Back to that mini-revolution I’ve gone through in the last week (three days to be exact, I won’t front.) It started with Pollan’s The Botany of Desire – a book I highly recommend as, while not necessarily galvanizing, it is in fact illuminating, empowering and fascinating. Damn! That’s a lot. The history of apples isn’t as dry as it sounds. Then I moved quickly onto the aforementioned IDOF, which shares much in common with the horrifying-truth theme of Food, Inc. and other works relating the perils of the industrial food system. I live pretty well Off The Grid right now – no cable, no TV in fact, no internet, no car, no landline…it’s just my iPhone and I in a little (fabulous) bat cave of an apartment. But despite the fact that I’ve opted out of almost everything one can imagine being billed for, I’ve still had trouble providing good food for myself. And I realized that it’s not just my early-twenty-something wages impeding my access to quality grub – and it goes beyond financial prioritizing. It’s my food culture. I’m too ready and willing to get pizza on a lunch break rather than put in the effort the night before to make a meal that provides leftovers. I also live alone, so I often end up eating alone. But these are choices – I choose not to cook, not to invite people over to share in the meal, not to look up recipes and actually work at becoming a better cook. The problem is that I’ve been telling myself for years that these are skills I want to acquire. I want to eat organic and local, I want to eventually be able to provide for a family, to be able to provide a family food culture that nourishes a traditionally European (harkening back to examples in Pollan’s works) way of eating. My biggest revelation? How much I will have to work at this. I think I’ve always imagined that one day I would just be the Barefoot Contessa, living in the Hamptons and smiling and eating and having garden parties all the time, because cooking is fun and easy and has a catchy theme song. But what I failed to realize is that Ina Garten started out as a caterer like, twenty years ago. She has worked for her kitchen wizardry, it didn’t just happen like, well, magic.

I must say I’ve had an auspicious start to my personal official local and organic movement. I’ve made two frittatas and a REAL legitimate recipe from a cookbook this week! (Double Potato and Halloumi Bake from Nigella Bites, Nigella Lawson.) I also started composting recently – or, that should be “composting,” as I’ve been told multiple times now that what I am in fact doing is “keeping rotting table scraps under my sink without a lid on them and no that is not the same as composting.” Apparently it’s a more complicated process involving effort and thought. Who knew?

And while I’m definitely doing this for my health, I think I’m also doing it because I feel it’s going to create in some small way the world in which I want to live. I can walk to Feast from my house and in that same complex they have a butcher and a fishmonger I can visit, should I feel so inclined. And have we tried the samples at Feast? If their cheddar cheese ball isn’t worth my money then nothing on this planet is. I just don’t want to be one of those depressing stories later on in life – you know the ones, “Oh, poor Billy. He never smoked, ran ten miles a day and hadn’t had a gram of fat since the 80’s and then wham – a heart attack!” I’ll keep my eating culture suffused with a Dionysian pleasure principle and wheedle down any physical exertion to getting from the cheeseball samples to the wine down the street, thank you very much. I figure if I keep can keep away from the American obsession with exercise I stand the chance of God not finding it ironic enough to strike me down with heart palpitations.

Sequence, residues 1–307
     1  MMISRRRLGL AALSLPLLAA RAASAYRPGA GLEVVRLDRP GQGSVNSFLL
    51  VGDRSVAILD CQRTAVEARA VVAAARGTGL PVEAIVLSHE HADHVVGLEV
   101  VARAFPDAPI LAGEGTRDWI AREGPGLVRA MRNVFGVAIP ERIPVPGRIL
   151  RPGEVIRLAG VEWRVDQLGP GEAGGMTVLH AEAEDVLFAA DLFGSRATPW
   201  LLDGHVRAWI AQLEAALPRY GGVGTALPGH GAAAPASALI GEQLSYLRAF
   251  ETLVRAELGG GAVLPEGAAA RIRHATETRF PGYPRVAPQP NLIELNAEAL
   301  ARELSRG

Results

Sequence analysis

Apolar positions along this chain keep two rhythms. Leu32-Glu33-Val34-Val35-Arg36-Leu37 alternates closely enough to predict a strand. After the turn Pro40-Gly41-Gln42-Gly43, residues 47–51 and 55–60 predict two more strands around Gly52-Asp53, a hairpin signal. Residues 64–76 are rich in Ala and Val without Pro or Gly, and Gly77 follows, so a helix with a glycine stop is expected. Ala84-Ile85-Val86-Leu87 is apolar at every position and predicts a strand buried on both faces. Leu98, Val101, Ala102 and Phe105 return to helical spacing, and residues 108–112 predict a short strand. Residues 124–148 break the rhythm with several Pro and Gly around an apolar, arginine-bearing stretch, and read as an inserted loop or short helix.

The Italians started the Slow Food movement a few years back (you know, it was in some book I read and now the exact date’s gone…sometime within the last decade, we’ll posit) and I’ve pretentiously had it’s slogan “Eat Your View” as my “political view” on Facebook for the past two or three years (while gorging on Big Macs halfway ‘round the world). Maybe it started as a pretentious nod to the “green” movement of which I felt Gwyneth Paltrow would be approving, but now that I actually live in an urban setting and have a garden I do have to say that yes, I would like to eat my view. I’d like to wake up in the morning and continue to see my garden and not a strip mall or a multipurpose commercial/residential complex. I’d like to see grass. And flowers. Or weeds. They work.

I don’t know where you stand on the food issue, or how much you value your local farmer’s market, but if you take away anything from this post I hope you pick up Pollan’s books, In Defense of Food and The Botany of Desire. They’re enlightening and crisply written and full of truly vital knowledge in today’s food economy. Cheers!

P.S. Don’t forget the Farmer’s Market is tomorrow! Follow me on Twitter @theSSsantiago for photo updates – maybe you’ll run into me taking a picture of the food you’re about to buy!